Taufiq, the poet

The story follows Taufiq, an Iraqi dissi­dent under Saddam Hussein who has lived in exile since the 1990s and now works as a night watchman at the British museum. We first encounter him there among the relics of Meso­po­tamia, which sets the stage for the film’s great secon­dary subject, the asym­metrical rela­ti­onship between the cultures of the “Occi­dent” and those of the “Orient”. For while Samir’s primary didactic aim, in a feature-film “enter­tain­ment”, may be to explore and explode three central taboos of the Islamic world – apostasy (renun­cia­tion of Muslim faith), adul­tery (a woman’s erotic freedom), and homo­se­xua­lity (princi­pally male) – his story is also an essay on the unequally distri­buted fami­lia­rity with the cultural heri­tage of the Other. Taufiq is employed to guard the trea­sures of his own ancient past, locked away for safe­kee­ping in a monu­ment to the British colo­nial project, and, although nomi­nally acces­sible to the general public, yet largely unknown – as his own cultural produc­tion is as well: for his ambi­tion is to publish the poetry he writes during his shifts at the museum with a repu­table London press, whose editor he has been wooing. His efforts have so far proven vain, evidently stymied by a lack of British readership for Arabic verse. Indeed, even as she is profes­sing her admi­ra­tion for Meso­po­ta­mian culture and history, Maud, the non-Arab editor, fairly emble­ma­tizes the epis­te­mo­lo­gical disjoint by stumb­ling over key names. Taufiq, mean­while, knows his English romantic poets by heart.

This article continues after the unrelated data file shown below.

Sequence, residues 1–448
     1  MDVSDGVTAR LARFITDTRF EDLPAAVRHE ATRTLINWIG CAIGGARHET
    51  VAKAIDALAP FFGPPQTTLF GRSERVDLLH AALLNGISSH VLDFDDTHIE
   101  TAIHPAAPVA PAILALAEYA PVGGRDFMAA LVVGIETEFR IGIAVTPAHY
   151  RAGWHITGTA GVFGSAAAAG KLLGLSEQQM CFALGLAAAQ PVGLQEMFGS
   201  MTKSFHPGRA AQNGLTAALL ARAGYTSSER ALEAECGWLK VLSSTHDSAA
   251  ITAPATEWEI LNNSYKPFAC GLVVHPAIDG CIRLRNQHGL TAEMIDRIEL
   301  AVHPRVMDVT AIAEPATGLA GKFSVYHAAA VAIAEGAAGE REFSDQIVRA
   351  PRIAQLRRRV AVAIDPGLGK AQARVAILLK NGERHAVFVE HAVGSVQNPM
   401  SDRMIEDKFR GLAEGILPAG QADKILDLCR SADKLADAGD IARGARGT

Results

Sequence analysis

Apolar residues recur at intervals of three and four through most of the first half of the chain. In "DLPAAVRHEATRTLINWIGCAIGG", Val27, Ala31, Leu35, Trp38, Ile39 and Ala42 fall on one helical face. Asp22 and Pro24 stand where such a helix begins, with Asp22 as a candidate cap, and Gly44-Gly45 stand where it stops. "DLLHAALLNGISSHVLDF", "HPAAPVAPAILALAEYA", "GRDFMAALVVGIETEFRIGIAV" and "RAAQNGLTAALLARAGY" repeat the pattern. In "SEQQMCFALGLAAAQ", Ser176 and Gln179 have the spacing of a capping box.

Film­still aus “Baghdad In My Shadow”, Quelle: dschointventschr.ch

Taufiq’s poetry enjoys a consi­der­ably warmer recep­tion at the Abu Nawas Café, a meeting place for the Iraqi commu­nity in its district of London and the focal point of the film’s action. Named for a clas­sical Arab poet who was “an alco­holic homo­se­xual”, according to one of its habitués, the café is run by Zeki, an Iraqi Kurd and a Commu­nist, with the help of Amal, a Chris­tian Iraqi who has sought refuge in the UK and is awai­ting the papers that will allow her to use the archi­tec­tural trai­ning she received in Baghdad. When Taufiq stages a reading of his verse there, the enthu­si­astic audi­ence includes other figures from the commu­nity: his widowed sister-in-law Maha, a Shiite Iraqi, and her son Nasseer, who rejects his atheist uncle’s tutelage for the lure of a charis­matic funda­men­ta­list imam; Samira, a fiery Commu­nist Iraqi and a wry observer of the unre­con­structed machismo of her comrades; Ahmed Kamal, a visi­ting Iraqi cultural attaché with a sinister Ba’athist past; and Muhanad, a young Iraqi refugee whose homo­se­xua­lity has endan­gered his life in Baghdad and who has found happi­ness in London with a German lover, whom he is, however, unwil­ling to intro­duce to his puta­tively homo­phobic Iraqi friends.

Layers of belonging